Pulitzer Prize winner Edward O. Wilson is an emeritus professor of biology at Harvard University. Wilson is considered to be one of the world’s preeminent scientists and has taught and counseled thousands of students over the course of his career. In his book Letters, Wilson makes a surprising argument that success in the sciences is not dependent on math skills or a stratospheric I.Q., but rather one’s passion for finding and solving problems. He also calls for a more broad synthesis of the sciences and humanities in the decades to come so future generations of students will be inspired to solve the major problems that face the human race. More than anything, reading Letters is like having a one-on-one chat with one of the great teachers of our time. Inspiring!
Another Gaiman book—and a perfect airplane book. Smoke & Mirrors is a collection of some of Gaiman’s best short stories and poems, all wildly imaginative and perfectly, completely creepy.
Nobel-winning physicist Richard Feynman was one of the most brilliant scientists of the 20th century. For better or worse, Feynman was an instrumental part of the Manhattan Project that created the atomic bomb ending World War II and ushering in both the Cold War and the atomic age. Aside from his work in physics, Feynman was also an outstanding teacher/lecturer at Cal Tech and he penned multiple books comprised of his thoughts on everything from explaining the basics of science to gambling in Las Vegas to working on physics problems while sitting in strip clubs. Surely You’re Joking, is one of Feynman’s best and most entertaining volumes.
A book on raising kids for X-mas? Am I kidding? Not in the least. How to Raise a Happy Child, is the brainchild of Heather Criswell and Taryn Voget. Taryn is a corporate trainer/speaker and NLP specialist, and Heather has worked with over 20,000 kids during the course of her career in the child care industry. Together they deconstruct Heather’s strategies for dealing with every possible kid scenario from the most trivial to the most horribly nuclear. Especially impressive is the fact that the book is one of the best manuals on inter-personal communication I’ve ever come across. The strategies listed in its pages are priceless for dealing with kids of any and all ages, from toddlers melting down all the way to your passive-aggressive boss. How to Raise a Happy Child, is the one book I wished I would have had 25 years ago before my kids were born. It would have made my life exponentially easier.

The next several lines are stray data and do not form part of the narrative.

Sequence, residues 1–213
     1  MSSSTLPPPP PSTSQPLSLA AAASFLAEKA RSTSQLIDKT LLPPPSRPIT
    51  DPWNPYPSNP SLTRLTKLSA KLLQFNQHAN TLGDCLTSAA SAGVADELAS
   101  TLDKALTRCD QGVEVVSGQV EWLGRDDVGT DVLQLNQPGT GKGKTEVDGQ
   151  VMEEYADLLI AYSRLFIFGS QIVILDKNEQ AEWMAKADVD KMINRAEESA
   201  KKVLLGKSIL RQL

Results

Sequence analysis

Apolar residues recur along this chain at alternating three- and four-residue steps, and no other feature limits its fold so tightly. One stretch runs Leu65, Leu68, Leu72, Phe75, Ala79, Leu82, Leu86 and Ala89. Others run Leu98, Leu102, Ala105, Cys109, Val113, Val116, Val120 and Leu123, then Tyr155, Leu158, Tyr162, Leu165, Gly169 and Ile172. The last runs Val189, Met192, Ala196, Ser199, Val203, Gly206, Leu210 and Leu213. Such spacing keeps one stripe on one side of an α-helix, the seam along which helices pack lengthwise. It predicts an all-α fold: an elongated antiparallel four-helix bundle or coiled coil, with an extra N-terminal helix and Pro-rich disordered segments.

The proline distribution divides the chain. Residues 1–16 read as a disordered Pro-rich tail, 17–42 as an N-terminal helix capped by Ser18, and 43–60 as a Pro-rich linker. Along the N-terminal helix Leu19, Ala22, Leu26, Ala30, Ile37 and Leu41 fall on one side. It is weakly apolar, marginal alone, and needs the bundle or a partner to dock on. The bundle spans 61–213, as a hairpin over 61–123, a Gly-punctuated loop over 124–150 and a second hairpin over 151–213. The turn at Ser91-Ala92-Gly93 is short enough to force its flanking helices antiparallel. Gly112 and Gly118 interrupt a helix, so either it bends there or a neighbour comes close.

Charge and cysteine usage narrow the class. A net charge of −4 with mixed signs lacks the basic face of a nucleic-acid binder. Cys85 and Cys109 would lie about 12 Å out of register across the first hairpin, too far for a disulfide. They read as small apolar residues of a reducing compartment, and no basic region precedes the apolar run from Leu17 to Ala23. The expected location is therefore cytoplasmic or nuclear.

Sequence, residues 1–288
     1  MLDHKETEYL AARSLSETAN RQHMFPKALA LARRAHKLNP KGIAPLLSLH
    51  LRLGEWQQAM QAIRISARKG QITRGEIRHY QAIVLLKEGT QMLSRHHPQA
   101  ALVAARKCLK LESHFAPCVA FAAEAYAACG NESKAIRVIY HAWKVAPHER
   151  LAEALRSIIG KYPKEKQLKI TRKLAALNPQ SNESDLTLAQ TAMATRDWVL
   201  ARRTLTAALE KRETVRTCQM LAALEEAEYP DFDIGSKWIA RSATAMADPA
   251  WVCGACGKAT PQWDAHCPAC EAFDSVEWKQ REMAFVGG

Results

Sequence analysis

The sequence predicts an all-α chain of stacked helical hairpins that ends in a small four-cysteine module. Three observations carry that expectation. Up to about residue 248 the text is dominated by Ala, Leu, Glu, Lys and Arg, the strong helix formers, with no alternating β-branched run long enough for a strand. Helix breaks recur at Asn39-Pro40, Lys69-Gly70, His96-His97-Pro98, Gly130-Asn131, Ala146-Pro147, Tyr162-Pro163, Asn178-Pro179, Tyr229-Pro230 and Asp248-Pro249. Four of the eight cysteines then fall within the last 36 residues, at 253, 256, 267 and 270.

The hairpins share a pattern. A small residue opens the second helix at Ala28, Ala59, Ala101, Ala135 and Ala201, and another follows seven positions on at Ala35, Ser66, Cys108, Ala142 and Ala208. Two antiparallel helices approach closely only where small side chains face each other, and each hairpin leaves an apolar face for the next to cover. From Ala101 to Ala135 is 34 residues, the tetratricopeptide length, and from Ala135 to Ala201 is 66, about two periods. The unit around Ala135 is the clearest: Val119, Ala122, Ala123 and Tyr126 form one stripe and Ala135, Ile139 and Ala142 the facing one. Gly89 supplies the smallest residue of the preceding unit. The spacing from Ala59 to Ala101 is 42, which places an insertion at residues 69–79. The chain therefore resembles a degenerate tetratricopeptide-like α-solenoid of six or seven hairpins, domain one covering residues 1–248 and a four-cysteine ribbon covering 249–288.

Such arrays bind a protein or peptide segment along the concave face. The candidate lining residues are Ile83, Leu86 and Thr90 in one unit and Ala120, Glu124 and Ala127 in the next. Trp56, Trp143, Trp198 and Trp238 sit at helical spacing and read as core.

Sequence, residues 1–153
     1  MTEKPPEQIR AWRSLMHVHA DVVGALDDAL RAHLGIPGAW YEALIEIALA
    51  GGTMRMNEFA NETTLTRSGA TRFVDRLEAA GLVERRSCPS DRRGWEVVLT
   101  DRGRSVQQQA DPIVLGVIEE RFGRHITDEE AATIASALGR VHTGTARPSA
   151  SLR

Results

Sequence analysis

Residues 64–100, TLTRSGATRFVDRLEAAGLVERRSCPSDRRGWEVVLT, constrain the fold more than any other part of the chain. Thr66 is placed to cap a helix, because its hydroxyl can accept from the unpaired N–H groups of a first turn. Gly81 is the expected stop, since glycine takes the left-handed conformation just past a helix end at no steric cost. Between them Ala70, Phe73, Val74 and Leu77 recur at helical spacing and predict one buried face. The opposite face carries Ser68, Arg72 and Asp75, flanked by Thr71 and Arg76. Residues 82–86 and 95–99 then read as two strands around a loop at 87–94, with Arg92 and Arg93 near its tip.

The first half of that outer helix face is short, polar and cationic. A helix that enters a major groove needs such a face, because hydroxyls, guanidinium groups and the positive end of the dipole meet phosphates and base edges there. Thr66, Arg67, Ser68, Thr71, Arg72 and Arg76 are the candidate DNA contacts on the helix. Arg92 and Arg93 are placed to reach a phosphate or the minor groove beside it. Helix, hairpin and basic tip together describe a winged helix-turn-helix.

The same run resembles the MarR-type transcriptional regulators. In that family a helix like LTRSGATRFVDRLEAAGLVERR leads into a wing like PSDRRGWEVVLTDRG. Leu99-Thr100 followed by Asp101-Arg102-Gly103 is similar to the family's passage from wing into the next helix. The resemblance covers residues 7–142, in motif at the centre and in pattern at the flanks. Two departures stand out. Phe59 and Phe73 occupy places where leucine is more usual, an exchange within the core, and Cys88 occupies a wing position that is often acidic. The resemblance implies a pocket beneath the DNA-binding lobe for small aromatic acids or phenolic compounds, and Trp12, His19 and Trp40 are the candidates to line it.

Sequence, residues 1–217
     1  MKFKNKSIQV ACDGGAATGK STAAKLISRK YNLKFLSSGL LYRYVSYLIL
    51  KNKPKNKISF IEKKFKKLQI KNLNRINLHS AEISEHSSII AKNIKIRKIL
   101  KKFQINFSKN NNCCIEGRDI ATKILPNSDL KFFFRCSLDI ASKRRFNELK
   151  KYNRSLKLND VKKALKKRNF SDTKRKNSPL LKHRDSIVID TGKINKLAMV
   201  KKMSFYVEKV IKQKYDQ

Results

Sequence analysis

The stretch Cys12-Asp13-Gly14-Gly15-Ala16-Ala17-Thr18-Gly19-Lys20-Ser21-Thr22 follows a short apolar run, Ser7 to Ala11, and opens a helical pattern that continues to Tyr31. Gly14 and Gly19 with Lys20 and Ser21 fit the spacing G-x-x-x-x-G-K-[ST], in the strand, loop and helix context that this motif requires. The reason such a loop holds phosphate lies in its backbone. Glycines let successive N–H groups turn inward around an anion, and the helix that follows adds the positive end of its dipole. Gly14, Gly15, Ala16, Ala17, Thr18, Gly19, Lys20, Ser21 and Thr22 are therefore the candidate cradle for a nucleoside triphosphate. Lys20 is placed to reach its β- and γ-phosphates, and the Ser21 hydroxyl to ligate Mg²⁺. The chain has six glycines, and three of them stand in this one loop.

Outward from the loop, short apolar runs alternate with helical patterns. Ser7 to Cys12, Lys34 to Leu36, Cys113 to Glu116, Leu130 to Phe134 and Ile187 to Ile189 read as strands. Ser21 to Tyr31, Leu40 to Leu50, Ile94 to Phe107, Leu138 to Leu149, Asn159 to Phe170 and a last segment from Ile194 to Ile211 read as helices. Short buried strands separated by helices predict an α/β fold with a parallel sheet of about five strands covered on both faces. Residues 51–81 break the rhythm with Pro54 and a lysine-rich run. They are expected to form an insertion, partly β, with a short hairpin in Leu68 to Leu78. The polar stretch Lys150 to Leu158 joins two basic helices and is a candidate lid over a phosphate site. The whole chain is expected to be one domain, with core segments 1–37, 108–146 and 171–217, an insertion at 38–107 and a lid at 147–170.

Victoria Finlay’s book, Color, is a wonderfully written history of all the colors found in an artist’s palette. From ochre all the way to violet, each color has a fascinating, complex, and sometimes perilous story. Finlay chronicles the super-spy -level intrigue needed to smuggle the tiny cochineal beetles out of Central America ultimately resulting in the original scarlet red; how the essences of the color orange originated in India and traveled to Italy through the Middle East only to become part of the secret concoction used varnish the great violins of Guarneri and Stradivarius; and how the exiled Emperor Napoleon died from arsenic poisoning not at the hands of his incarcerators as long thought, but from mold growing on the emerald green wallpaper lining his apartment that created toxicity that would eventually be his demise. A great read!
This book is to be filed under the category of strange, wacky, and delightful–as in an entire musical genre you’ve probably never heard of. While great musicals such as “My Fair Lady,” “Oklahoma,” and “Carousel” are widely known (even if not nearly as popular as they once were), for several decades running the same talents—literally from writers to performers—crafted hundreds of stage musicals for the big corporations of their day; from John Deer Tractors to the Ford Motor Company to the Maiden Form Bra. That’s right, full-blown staged musicals with casts, plots (sort of), bands, and full scores, where stars of the stage (and sometimes screen) belted out tunes about the beauties of selling the newest, shiniest tractor, pickup, or bra. Steve Young, long-time writer for the David Letterman show, and industrial musical vet Sport Murphy, chronicle the history of the industrial musical through the decades. Everything’s Coming Up Profits is a perfect coffee table book filled with delightful period illustrations and photos.